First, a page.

You have no items in your cart. Want to get some nice things?Go shopping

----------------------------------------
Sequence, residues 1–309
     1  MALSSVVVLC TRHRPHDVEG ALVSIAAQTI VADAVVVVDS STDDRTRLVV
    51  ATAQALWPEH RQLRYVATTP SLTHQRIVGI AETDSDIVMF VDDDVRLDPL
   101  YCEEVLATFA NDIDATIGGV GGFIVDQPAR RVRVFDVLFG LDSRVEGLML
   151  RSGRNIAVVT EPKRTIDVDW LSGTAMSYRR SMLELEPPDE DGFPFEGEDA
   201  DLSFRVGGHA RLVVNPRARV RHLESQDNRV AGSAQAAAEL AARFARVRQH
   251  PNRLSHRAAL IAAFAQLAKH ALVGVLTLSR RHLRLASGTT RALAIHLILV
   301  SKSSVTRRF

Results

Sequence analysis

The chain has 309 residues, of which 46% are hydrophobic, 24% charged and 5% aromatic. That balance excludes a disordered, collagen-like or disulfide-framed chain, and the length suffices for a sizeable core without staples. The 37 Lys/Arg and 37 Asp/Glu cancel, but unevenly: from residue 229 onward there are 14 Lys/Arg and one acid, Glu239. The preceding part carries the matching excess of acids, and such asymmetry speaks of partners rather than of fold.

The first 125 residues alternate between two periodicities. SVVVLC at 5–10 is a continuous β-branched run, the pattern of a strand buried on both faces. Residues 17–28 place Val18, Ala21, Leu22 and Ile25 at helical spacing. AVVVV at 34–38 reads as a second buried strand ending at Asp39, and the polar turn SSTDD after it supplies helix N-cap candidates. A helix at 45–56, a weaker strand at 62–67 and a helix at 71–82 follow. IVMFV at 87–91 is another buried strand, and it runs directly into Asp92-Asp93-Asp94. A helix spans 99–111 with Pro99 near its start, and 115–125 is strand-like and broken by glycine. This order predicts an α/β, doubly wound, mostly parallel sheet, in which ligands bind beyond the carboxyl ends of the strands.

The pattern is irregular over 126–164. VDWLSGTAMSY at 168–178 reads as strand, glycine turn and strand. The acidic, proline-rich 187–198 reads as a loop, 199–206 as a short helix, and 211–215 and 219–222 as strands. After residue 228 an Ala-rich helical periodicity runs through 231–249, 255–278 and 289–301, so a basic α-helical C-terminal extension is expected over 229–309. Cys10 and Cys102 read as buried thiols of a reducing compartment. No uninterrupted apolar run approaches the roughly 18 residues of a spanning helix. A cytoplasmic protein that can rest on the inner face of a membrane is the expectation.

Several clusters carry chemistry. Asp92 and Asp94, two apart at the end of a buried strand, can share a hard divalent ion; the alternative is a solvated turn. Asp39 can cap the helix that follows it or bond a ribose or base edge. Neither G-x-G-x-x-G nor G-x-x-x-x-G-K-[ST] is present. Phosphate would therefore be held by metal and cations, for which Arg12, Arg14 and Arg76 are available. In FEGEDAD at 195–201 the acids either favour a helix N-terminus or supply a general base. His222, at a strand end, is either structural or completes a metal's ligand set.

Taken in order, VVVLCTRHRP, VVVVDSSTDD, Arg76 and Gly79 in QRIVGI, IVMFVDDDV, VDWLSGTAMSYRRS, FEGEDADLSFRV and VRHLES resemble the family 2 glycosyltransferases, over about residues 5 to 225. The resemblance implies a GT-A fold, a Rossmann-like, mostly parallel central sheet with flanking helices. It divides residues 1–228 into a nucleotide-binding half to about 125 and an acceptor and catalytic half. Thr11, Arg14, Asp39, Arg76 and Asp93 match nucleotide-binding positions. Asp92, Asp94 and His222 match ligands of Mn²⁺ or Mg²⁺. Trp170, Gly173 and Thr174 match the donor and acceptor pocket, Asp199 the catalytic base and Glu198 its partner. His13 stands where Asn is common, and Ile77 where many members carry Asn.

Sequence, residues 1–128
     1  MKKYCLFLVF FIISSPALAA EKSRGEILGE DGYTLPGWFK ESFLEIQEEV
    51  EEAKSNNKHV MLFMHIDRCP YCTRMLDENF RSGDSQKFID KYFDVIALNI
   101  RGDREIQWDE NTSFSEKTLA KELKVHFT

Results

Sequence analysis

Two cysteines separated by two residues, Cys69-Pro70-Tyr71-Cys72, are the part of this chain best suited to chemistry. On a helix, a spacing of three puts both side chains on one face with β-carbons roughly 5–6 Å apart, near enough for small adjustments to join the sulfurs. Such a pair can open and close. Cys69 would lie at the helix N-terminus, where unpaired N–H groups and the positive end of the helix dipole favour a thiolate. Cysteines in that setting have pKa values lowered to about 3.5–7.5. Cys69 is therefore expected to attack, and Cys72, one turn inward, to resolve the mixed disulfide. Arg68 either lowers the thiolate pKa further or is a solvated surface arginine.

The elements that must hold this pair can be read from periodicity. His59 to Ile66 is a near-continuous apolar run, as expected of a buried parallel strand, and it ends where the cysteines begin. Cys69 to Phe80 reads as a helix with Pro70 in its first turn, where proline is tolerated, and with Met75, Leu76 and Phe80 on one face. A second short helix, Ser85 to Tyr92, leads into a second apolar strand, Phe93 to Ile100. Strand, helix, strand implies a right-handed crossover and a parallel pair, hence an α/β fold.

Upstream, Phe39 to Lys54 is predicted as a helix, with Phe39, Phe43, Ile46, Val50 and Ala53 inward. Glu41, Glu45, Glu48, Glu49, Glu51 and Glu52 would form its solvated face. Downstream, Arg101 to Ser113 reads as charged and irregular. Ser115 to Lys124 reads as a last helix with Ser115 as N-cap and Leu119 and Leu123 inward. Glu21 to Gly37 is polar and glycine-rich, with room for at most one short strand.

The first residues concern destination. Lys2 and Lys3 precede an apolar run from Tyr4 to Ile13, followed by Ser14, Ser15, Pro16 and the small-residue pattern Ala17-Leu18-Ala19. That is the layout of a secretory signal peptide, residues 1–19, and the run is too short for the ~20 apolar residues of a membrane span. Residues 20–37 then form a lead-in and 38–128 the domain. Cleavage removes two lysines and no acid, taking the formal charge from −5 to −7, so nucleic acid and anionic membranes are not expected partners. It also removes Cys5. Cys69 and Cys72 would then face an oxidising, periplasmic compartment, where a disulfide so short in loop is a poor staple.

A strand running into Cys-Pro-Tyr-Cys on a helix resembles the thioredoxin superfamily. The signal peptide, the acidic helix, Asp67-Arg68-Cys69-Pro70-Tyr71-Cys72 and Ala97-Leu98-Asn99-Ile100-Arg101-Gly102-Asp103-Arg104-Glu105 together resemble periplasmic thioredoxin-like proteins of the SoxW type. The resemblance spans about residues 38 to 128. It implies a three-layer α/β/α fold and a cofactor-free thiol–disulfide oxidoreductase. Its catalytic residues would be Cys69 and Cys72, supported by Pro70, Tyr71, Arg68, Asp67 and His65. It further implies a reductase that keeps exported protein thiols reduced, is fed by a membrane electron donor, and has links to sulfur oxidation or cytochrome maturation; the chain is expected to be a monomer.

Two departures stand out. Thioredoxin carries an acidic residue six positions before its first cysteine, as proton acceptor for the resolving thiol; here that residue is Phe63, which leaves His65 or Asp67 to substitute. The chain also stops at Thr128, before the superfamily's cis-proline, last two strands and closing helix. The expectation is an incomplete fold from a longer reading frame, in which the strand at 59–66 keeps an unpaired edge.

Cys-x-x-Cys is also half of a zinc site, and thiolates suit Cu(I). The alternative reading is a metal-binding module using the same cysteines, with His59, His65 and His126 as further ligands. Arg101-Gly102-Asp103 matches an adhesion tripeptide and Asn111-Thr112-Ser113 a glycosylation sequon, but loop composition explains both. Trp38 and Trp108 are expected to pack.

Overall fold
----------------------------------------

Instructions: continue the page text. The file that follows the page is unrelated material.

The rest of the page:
She gets on at the Davis stop with a heavy black backpack. Stylish black coat, black hair in a knot at the nape, low gray suede boots with suede lacing at the back. He and I are already seated; she sits across from us, the pack on her lap. Zzzzip open, reach in; she pulls out an old book with leather covers, scuffed and worn at the edges with a ribbon bookmark that she lifts when she opens it. It’s in Hebrew—a prayer book I think at first—no, it could be a novel, maybe. She could be a Hebrew studies major, Middle Eastern literature? He leans over, hot whisper in my ear, “Shachrit.” Every morning she is grateful for the return of her soul. Every morning she praises the Divine. “After your son died, did you still believe in God?” someone asked us, years before. The train lurches, she stands, turns away from the aisle toward the window, her backpack on the seat before her. Head down, lips moving. It is dark underground, which makes the window a mirror, steps forward, back—bowing—she’s davening. When she looks up she faces herself. I look at her but try not to catch her eye. To her right, another young woman has something in her hand. A pink iPod. Earbuds as headphones, tall tan boot tapping, mouth moving, no sound. The lips of the woman in black continue to move. The lips of the woman in tall tan boots continue to move. It is remarkable that each maintains her own spirit on this short ride. With thousands of my own songs tucked away, I am not sure with whom to identify. Their heads bob together briefly before the pink iPod disappears into a jacket pocket and Tan Boots departs. The davening woman sits and turns the page as the train gathers speed, then she unzips her pack and tucks the prayer book inside. The train slows, her morning prayers timed, once again, for her M.I.T. stop. We don’t speak. He and I watch her leave, wondering why we no longer pray, wondering if we just did.